No one is more responsible for making basketball a global sport than David Stern. Photo: Matt Sayles/AP Photo
No one is more responsible for making basketball a global sport than David Stern. Photo: Matt Sayles/AP Photo

Stern made basketball a global phenomenon

By By Chris Bernucca Time of article published Jan 3, 2020

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WASHINGTON  No one is more responsible for making basketball a global sport than David Stern. 

Stern, the NBA commissioner from 1984-2014, died Wednesday in a New York hospital after suffering a brain hemorrhage on December 12. He was 77. 

Inducted to the Basketball Hall of Fame in 2014, Stern oversaw the addition of seven franchises, the marketing of stars and exponential growth in player salaries and team values through TV deals and corporate partnerships. But the game's global popularity became a reality through his vision. 

"Because of David, the NBA is a truly global brand - making him not only one of the greatest sports commissioners of all time but also one of the most influential business leaders of his generation," NBA commissioner Adam Silver said. 

Stern was the driving force behind the Dream Team, which put NBA stars Magic Johnson and Michael Jordan on the international stage of the 1992 Olympics and became the foundation for a generation around the world who grew up wanting to play in the NBA. 

"He devoted his life to basketball, a sport that cannot be understood without his contribution and revolutionary ideas," Euroleague president and CEO Jordi Bertomeu said.

"He was a fundamental part of what we know as modern basketball, bringing the NBA to a global audience and unprecedented popularity."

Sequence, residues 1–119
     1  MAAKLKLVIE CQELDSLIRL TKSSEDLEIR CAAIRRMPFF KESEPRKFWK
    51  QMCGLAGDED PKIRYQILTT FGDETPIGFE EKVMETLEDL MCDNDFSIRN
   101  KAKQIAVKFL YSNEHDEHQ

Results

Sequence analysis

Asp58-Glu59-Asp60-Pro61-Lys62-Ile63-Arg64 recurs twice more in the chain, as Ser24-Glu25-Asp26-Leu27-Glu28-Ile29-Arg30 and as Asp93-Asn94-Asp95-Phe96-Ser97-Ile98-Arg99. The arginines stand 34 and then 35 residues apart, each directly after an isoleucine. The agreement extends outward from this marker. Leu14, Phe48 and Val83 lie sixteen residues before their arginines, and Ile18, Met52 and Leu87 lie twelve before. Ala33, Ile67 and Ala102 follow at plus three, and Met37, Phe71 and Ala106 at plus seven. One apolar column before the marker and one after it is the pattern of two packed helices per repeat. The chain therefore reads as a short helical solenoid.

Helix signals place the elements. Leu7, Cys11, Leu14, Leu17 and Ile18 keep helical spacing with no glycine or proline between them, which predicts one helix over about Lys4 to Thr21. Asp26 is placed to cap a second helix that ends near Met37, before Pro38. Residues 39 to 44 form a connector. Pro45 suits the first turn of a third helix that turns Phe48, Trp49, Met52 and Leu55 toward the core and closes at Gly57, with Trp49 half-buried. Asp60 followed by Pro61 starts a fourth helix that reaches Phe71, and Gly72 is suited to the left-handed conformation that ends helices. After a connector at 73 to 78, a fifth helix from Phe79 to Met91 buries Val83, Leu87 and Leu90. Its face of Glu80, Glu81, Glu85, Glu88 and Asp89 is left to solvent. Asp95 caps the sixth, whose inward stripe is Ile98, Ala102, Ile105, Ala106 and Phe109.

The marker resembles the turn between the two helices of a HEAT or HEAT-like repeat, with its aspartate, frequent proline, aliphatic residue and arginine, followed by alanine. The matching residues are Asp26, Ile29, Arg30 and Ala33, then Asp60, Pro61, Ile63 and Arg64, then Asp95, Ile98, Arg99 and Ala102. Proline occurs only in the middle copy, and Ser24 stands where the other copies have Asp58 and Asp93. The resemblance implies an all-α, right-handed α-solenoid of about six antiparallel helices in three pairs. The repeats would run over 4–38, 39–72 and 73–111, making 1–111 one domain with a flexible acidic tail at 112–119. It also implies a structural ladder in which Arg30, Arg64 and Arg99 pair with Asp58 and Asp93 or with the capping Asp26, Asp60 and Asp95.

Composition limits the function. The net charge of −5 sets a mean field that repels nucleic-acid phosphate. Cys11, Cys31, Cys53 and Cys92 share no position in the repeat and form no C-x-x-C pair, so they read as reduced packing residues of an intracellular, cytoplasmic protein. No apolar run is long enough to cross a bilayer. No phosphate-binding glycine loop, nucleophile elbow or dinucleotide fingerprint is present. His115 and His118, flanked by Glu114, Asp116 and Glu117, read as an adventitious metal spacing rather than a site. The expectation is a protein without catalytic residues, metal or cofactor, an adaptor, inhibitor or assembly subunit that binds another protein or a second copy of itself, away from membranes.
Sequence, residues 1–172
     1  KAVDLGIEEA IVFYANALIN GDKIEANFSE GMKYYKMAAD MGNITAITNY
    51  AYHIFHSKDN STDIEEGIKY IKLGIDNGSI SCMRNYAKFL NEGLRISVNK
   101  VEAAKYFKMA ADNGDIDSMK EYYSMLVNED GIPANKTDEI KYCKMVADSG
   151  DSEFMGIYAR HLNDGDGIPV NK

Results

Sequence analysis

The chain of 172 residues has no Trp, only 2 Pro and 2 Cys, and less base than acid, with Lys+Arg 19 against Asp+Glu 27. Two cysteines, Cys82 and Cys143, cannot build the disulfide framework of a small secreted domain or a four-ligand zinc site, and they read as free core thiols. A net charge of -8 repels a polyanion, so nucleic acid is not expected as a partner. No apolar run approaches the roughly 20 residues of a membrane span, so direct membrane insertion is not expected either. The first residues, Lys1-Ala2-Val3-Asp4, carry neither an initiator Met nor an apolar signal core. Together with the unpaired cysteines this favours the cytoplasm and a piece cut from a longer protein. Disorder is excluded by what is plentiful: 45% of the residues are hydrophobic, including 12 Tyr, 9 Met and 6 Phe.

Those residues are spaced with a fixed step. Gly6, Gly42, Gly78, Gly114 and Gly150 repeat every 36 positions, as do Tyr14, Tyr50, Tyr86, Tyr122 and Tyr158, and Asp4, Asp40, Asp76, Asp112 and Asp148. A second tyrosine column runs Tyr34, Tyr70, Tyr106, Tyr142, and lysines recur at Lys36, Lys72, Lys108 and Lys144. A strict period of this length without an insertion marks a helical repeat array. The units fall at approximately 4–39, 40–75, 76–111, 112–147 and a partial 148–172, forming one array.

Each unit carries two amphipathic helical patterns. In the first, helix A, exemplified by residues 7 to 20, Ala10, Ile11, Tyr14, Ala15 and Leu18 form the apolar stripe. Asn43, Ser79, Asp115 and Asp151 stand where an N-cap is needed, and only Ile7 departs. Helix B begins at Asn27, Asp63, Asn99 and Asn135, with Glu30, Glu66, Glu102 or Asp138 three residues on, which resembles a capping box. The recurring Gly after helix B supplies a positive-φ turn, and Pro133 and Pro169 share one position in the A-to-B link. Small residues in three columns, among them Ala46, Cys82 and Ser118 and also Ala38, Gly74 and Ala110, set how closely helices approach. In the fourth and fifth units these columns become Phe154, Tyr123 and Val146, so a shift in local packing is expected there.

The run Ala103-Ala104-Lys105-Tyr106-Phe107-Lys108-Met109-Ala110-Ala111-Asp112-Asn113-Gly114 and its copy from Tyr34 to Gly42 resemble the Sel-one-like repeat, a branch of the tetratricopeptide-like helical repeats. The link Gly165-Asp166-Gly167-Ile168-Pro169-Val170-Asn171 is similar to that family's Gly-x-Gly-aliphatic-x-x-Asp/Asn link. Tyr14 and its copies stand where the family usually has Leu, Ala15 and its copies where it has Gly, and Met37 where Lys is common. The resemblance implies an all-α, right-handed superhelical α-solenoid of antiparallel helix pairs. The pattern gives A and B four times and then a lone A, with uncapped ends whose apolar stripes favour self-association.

While Stern was commissioner, nine foreign-born players became the top overall draft pick, including Yao Ming, who opened the gateway to China. Four collected six MVP awards, including German juggernaut Dirk Nowitzki. 

Stern's global influence remains strong, as reigning MVP Giannis Antetokounmpo hails from Greece and the defending champions reside in Canada and are run by a Nigerian executive. 

"He was transcendent," Toronto Raptors president Masai Ujiri said. "He oversaw the expansion of our league to Canada. He knew there was basketball talent around the world and he saw opportunity for players and fans everywhere - he is a great, global giant in sports." 

EARLY RETURNS: Internationals led the first returns of All-Star fan balloting announced Thursday, with Antetokounmpo of Milwaukee leading in the Eastern Conference and Slovenian sensation Luka Doncic of Dallas atop the West.

Doncic leads all players with 1,073,957 votes, 599 more than Antetokounmpo. Cameroon natives Joel Embiid of Philadelphia and Pascal Siakam of Toronto are second and third, respectively, in East frontcourt voting. 

Boston 7-foot-5 rookie centre Tacko Fall from Senegal, who has played 11 minutes this season, is sixth among East froncourt players with 110,269 votes. 

Fan voting continues through January 20 and comprises 50 per cent of the vote, with the media and players splitting the other half. The All-Star Game is February 16 in Chicago. 


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